La Carpio is a large slum of almost 35,000 people comprised primarily of illegal Nicaraguan immigrants. Foreigners made up 90 percent of the local population when people began placing plastic and corrugated iron shacks on the land 20 years ago but the number is closer to 60 percent today.
The community spawned for a variety of reasons including the devastation of a civil war, the destruction by natural disasters and the desperation of poverty forcing people south for refuge.
Most of the immigrants do not have the proper identification papers that allow them to be legally employed. Often, they work in construction and housekeeping and receive approximately a third of what equally qualified, legal residents and Costa Ricans are paid.To the north runs the Río Virilla and to the south the Río Torres. In La Carpio´s backyard is the EBI de Costa Rica S.A. Landfill, Costa Rica´s largest dump. The geography then blocks all routes but one in and out. La Carpio gains nothing from neighboring communities because it is so isolated.
The community does not benefit financially from being the country’s dump driveway either. For what EBI earns for bringing 200 tons a day of trash through the area, la Carpio gets zero percent, according to Gail Nystrom, founder and executive director of the Costa Rican Humanitarian Foundation.
Ms. Nystrom and the foundation have been working to improve La Carpio since 1997. The efforts there are among the 50 projects operated by the foundation in Costa Rica.
Ms. Nystrom has lived and worked on the foundation for the past 20 years. Born and raised in Virginia and New Jersey, she came to Costa Rica in 1978 as a member of the U.S. Peace Corps and worked to set up special education classrooms around the country. Remaining in Costa Rica after her Peace Corps assignment, she worked to support at-risk populations as they search for ways to improve the quality of their lives.
The foundation provides a stipend of 3,000 colons a week to the 30 women who teach for it, and, La Carpio parents can leave children at the day care center while they go to work their way out of poverty.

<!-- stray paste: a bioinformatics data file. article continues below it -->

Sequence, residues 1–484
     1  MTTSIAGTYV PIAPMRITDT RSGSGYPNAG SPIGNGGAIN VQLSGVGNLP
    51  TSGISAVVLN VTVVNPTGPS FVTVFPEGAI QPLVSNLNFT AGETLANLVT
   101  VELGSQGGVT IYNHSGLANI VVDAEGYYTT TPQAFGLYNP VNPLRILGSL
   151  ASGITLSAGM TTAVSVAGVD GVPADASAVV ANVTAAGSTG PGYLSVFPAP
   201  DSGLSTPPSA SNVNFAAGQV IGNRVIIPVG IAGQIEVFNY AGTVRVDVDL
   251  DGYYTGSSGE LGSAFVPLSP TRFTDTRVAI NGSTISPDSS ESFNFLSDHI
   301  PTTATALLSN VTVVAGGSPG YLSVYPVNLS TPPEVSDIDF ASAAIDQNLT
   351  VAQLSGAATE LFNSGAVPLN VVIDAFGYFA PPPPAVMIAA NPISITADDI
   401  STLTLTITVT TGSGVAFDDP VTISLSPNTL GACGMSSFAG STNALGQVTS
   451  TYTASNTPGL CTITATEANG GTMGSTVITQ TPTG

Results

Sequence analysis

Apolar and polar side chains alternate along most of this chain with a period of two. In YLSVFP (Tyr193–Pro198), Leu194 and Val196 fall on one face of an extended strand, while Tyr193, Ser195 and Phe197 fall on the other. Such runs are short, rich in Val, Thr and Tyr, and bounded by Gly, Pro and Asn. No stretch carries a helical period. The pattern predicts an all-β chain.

The community centers give the kids three meals a day and serve as supplementary education, teaching the kids more than reading, writing and math of the local elementary school.
The curriculum is akin to a Montessori school. The children have the independence of choice of activities, and the teacher acts as a guide.
A child with two parents can attend for around 12.000 colons a week, and prices vary from there depending on the child or children´s parental situation. Ms. Nystrom said the foundation works payment out with individuals from there.
Because most of the families come from homes with inadequate kitchen or bathroom, she said she can respect the amount they can offer.
The foundation also runs nine different cooperatives offering micro-finance opportunities to other women in the community, builds bunk beds and houses for families in need and has a clinic to address basic medical needs. One opportunity uses discarded coffee bags that the women sew into a marketable bag that is sold at the Juan Santamaría airport.
All of the foundation´s work is made possible from donations of goods, services, and financial resources by volunteers, friends, and sponsors. And Ms. Nystrom said she is committed to keeping administrative costs as low as possible to ensure that virtually all financial resources are applied directly to communities in need.